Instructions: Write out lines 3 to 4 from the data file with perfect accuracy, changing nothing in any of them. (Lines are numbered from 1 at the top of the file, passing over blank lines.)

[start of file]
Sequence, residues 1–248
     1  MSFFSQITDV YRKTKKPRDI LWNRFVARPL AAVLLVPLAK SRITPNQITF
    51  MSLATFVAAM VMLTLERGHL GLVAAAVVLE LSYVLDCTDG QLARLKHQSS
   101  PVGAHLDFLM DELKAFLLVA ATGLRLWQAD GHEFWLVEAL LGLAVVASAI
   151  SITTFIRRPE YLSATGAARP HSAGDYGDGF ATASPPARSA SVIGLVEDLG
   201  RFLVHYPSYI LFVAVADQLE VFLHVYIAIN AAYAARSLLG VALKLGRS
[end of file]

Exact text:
    51  MSLATFVAAM VMLTLERGHL GLVAAAVVLE LSYVLDCTDG QLARLKHQSS
   101  PVGAHLDFLM DELKAFLLVA ATGLRLWQAD GHEFWLVEAL LGLAVVASAI